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Mar 27, 2014
 |  BC Innovations  |  Cover Story

A bitter taste for sinus infections

Modulating taste receptors in upper airways might provide a new way to treat chronic rhinosinusitis, according to a study from the University of Pennsylvania that shows bitter taste agonists stimulate the release of antimicrobial peptides in the sinuses.1 Taste receptor-targeted therapies could reduce patient dependence on antibiotics, but pinpointing the right taste receptor for an individual's infection might be the biggest challenge.

The UPenn team is now optimizing delivery of taste receptor ligands to the nasal cavity for a planned clinical study in rhinosinusitis and is developing a taste test-based diagnostic to link receptor polymorphisms to specific infections.

Antibiotics combined with steroids are standard treatment in chronic rhinosinusitis, a disease involving persistent infection or inflammation of the nasal sinus cavities. However, the drugs fail to control the infection in a substantial number of patients, and antibiotic overuse contributes to the emergence of resistant bacterial strains.

In patients who do not respond to standard therapy, surgery is used to open the nasal passages. However, some patients also fail to respond to surgery.

To find alternatives to antibiotics, researchers are trying to harness the innate immune system to overcome airway infections. Recently, bitter taste receptors in airway epithelia have emerged as important players in the innate host defense.2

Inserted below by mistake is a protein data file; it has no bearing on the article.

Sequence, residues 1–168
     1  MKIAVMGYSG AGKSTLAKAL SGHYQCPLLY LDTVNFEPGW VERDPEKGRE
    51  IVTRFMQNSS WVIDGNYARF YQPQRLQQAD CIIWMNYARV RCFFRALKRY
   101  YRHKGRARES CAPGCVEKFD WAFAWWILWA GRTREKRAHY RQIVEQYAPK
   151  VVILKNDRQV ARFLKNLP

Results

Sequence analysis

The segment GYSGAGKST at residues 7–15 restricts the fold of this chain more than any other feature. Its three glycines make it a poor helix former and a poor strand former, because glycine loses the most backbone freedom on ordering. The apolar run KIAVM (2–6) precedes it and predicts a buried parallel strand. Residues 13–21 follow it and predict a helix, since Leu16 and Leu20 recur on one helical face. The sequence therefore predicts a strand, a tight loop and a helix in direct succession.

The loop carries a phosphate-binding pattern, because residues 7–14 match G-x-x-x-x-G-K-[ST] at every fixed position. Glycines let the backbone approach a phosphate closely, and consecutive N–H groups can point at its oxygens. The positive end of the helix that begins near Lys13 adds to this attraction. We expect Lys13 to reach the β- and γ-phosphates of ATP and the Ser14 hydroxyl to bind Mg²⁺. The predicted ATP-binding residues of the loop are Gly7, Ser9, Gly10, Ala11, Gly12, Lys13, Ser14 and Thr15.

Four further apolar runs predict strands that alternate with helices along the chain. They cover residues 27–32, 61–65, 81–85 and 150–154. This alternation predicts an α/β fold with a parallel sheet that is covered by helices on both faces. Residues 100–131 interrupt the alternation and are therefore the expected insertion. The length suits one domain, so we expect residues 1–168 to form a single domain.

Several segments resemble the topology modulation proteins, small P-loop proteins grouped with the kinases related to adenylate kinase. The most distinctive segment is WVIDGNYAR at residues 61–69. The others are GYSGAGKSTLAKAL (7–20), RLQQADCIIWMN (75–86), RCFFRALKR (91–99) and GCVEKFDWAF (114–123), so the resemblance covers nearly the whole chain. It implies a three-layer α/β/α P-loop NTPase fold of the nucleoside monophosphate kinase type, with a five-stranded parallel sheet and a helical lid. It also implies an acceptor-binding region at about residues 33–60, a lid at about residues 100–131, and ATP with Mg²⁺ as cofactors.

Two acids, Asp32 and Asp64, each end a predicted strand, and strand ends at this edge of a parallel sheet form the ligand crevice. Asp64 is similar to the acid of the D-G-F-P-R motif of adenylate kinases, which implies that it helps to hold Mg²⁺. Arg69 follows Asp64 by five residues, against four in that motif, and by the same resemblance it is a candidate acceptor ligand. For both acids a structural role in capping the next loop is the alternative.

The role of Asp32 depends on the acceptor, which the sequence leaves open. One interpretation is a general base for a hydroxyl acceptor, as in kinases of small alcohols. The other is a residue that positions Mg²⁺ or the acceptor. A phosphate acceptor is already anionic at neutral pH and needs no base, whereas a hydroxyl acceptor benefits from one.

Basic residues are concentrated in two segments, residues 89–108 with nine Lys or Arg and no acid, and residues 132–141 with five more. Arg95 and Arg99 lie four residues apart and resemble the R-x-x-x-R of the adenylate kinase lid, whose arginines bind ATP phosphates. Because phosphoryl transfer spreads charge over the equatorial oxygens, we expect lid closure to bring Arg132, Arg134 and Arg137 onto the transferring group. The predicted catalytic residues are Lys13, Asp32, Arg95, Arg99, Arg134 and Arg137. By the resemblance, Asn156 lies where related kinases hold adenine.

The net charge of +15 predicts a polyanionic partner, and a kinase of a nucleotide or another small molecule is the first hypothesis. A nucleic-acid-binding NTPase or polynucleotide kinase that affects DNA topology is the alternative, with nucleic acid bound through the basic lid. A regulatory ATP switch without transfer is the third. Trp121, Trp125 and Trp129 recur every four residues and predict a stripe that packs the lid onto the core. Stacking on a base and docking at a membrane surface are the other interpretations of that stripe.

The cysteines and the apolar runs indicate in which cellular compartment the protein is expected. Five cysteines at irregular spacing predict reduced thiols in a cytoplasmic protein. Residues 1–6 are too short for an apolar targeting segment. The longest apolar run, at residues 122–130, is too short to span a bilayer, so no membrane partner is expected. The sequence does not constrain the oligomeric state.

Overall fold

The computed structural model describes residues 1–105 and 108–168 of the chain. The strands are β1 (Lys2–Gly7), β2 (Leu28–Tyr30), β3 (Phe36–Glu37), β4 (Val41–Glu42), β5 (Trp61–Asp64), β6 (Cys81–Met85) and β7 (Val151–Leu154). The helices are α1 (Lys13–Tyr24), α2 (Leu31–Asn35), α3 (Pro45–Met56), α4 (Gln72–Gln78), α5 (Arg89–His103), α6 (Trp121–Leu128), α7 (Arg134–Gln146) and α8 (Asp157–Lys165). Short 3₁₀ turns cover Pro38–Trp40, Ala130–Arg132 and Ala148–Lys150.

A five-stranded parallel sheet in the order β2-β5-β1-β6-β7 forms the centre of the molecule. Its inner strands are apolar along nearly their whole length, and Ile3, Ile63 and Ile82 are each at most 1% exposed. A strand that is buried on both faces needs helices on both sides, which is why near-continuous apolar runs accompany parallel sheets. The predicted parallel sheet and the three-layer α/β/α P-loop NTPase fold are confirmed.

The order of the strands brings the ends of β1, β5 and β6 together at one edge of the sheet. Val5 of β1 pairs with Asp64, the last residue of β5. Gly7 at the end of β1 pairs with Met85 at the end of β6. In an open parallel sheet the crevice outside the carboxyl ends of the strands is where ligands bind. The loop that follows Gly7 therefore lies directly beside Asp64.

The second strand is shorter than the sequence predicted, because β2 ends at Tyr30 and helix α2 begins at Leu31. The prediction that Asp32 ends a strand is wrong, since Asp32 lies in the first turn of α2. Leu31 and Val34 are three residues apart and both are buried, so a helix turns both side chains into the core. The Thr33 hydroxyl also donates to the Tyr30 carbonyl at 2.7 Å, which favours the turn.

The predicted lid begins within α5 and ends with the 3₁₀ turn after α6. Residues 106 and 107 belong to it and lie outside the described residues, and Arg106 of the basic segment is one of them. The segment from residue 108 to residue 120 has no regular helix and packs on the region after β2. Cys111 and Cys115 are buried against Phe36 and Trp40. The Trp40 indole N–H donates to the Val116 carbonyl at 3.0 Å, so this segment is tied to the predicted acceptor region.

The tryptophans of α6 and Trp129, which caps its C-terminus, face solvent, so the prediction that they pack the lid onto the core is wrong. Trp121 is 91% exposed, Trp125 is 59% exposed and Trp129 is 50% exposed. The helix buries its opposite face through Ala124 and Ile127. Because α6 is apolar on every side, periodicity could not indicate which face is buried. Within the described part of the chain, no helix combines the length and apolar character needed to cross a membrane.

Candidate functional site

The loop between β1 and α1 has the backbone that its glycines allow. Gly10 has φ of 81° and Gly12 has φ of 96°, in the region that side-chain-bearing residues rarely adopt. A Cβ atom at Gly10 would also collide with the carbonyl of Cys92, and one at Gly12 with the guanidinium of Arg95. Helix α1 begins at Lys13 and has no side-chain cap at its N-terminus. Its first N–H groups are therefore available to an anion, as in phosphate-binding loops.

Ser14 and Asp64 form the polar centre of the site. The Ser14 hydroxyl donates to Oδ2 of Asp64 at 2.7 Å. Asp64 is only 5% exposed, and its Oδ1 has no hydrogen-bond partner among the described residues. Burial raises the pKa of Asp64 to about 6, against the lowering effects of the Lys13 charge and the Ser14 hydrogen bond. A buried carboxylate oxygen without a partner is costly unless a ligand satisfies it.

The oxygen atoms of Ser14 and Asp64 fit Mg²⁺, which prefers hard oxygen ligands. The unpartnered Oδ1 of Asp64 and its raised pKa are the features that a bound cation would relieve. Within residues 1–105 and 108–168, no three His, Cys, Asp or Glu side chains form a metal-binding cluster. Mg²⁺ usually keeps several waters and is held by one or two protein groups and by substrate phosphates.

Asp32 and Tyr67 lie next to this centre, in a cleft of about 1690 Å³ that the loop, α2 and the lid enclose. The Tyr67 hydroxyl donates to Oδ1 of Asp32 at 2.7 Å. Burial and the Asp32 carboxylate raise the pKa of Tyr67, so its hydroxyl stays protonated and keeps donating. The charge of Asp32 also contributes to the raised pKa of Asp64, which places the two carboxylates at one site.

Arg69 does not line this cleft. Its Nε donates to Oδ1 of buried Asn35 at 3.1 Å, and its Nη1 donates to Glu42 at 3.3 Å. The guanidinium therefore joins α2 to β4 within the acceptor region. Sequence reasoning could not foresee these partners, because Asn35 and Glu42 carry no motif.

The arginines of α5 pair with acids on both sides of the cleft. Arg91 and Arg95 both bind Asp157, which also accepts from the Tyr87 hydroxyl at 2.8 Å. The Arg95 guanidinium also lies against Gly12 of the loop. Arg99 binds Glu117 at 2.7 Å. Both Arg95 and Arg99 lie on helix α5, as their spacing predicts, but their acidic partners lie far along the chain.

In 2012, Noam Cohen and his team found that Gram-negative bacteria in the upper airways can stimulate the bitter taste receptor type 2 member 38 (TAS2R38), thus triggering secretion of bactericidal levels of nitric oxide.3

His team also found that patients with an inactivating TAS2R38 polymorphism had an increased risk of developing chronic sinusitis from Pseudomonas aeruginosaand other Gram-negativeinfections.3

Now, Cohen and colleagues have identified a pathway linking taste receptor stimulation to bactericidal activity and have discovered effects of bitter and sweet taste receptors that could be exploited therapeutically.

Cohen is an associate professor of otorhinolaryngology: head and neck surgery at the Philadelphia VA Medical Center and director of rhinology research and chair of the Otorhinolaryngology Resident Research Community at the Perelman School of Medicine at the University of Pennsylvania. The team also included researchers from The Children's Hospital of Philadelphia and Monell Chemical Senses Center.

Bitter receptors,...

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